The Q&A Archives: OPEN mimosa root system

Question: I have a MIMOSA TREE Albizia julibrissin ?Rosea?. It had a baby in a very shady limited space area. It is SUDDENLY 12 feet tall and very spindly. The middle-aged-widder-woman I'm chasing has claimed it. She lives on a rocky desert hill top. I need to know what the root system looks like on this puppy before I dig it a new home or try to extricate from its current location right next to huge grape vine. How deep do they go? Tap root like a pecan? I just need a general description of the roots. How much should I prune it before or after the move?



Ps: and yes I will go ahead and start her a seedling in a pot just in case.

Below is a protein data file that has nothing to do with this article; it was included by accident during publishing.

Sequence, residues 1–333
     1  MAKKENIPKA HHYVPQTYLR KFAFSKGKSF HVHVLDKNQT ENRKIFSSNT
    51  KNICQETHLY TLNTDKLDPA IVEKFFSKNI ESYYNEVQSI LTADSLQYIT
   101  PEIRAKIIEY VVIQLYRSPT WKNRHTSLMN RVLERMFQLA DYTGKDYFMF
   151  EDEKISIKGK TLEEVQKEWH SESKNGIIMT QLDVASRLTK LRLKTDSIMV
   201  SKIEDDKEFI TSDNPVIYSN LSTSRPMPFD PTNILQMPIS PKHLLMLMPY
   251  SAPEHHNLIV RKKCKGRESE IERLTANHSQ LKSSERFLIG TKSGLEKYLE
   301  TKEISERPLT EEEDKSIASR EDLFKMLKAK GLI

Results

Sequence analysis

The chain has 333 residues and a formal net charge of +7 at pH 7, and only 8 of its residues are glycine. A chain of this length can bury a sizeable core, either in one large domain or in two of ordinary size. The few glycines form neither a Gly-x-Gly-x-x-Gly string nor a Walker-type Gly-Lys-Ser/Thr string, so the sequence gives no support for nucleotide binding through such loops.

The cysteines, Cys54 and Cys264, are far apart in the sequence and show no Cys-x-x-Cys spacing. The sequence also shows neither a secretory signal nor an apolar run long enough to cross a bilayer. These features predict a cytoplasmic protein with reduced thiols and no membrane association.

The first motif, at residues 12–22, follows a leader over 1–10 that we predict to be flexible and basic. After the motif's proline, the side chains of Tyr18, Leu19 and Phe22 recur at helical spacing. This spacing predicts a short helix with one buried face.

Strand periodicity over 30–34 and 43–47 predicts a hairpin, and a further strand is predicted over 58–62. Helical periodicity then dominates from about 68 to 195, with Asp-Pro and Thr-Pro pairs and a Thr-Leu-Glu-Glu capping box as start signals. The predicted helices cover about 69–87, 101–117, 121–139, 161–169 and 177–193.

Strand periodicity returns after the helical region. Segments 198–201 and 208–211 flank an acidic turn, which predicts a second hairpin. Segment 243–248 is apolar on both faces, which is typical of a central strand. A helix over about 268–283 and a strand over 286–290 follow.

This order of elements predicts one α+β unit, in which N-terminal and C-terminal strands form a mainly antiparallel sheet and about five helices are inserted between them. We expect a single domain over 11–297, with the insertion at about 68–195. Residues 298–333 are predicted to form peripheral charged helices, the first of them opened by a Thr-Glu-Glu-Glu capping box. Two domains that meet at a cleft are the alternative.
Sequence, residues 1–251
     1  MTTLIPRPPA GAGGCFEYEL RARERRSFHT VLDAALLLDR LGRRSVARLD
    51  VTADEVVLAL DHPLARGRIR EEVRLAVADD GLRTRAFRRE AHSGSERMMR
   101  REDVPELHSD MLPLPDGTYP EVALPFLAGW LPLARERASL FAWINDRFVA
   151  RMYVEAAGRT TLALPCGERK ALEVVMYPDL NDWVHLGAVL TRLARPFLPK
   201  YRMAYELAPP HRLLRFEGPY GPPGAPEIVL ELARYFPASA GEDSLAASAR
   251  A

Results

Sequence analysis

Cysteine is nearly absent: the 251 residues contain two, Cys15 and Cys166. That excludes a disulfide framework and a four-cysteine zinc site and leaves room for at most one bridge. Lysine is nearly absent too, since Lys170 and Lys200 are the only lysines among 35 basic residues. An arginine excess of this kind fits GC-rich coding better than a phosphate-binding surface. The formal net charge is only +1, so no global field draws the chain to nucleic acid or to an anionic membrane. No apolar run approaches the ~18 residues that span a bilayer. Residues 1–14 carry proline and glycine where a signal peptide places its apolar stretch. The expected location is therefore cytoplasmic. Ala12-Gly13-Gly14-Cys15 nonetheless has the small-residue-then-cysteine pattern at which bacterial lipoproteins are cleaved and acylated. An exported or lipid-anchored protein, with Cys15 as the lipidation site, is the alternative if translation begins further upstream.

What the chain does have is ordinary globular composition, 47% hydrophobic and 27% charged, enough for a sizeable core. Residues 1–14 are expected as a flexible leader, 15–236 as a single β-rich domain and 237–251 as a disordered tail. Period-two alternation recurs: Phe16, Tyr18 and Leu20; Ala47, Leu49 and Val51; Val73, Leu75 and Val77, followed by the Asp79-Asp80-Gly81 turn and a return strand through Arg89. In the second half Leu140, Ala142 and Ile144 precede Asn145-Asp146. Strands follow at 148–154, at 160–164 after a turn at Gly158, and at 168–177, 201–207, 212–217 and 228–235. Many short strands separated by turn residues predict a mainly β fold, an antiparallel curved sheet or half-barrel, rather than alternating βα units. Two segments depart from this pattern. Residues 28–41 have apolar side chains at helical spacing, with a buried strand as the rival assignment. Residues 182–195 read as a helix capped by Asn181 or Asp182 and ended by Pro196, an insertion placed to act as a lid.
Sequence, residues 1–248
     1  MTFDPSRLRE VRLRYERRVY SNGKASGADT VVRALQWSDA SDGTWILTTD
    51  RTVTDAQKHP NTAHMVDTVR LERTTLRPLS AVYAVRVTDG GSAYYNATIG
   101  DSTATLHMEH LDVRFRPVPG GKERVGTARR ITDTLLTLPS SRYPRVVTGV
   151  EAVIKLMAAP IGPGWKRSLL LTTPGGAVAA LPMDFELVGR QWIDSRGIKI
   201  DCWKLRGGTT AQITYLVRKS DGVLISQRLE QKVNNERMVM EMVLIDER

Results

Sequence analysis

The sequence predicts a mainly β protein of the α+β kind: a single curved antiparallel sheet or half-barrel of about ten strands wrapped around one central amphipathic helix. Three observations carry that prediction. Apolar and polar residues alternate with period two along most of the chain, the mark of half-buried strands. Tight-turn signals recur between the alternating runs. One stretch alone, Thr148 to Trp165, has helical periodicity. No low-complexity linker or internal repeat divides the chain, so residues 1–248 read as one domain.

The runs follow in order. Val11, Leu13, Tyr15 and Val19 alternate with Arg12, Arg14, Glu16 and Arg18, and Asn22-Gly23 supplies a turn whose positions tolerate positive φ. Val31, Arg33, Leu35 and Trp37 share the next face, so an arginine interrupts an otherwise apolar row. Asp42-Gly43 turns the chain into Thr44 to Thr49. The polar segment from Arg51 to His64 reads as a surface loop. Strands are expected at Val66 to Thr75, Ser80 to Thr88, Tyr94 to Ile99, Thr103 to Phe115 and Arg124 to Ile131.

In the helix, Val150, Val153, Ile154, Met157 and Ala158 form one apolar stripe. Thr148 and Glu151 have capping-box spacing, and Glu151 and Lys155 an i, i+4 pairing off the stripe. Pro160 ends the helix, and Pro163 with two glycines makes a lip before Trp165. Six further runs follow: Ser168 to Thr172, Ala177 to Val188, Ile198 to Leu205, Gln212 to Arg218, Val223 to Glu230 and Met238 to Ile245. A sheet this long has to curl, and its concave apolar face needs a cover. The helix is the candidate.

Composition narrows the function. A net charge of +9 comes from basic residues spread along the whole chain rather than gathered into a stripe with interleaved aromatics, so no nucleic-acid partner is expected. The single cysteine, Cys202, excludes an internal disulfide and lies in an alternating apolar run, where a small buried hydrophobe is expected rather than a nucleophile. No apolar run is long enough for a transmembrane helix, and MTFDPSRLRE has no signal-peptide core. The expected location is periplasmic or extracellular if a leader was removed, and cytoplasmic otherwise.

Answer: In my experience, Mimosa trees are difficult to transplant although some sources indicate they transplant easily. The root system is very deep and very sparse -- and also very brittle. Most often trying to dig one results in loss of the dug plant followed by regrowth from the remaining root. In my experience it is easier to transplant a tiny seedling that will fit on the tip of your trowel (careful, it will have a deep root!) than a twelve footer. If you try to move it, you may find it is entangled by the grape roots but take as much root as you can and keep in mind it will probably self prune by dying back to compensate for what is lost. You will probably need to stake it to keep it upright. Plant it in a well drained location with full sun. Good luck!

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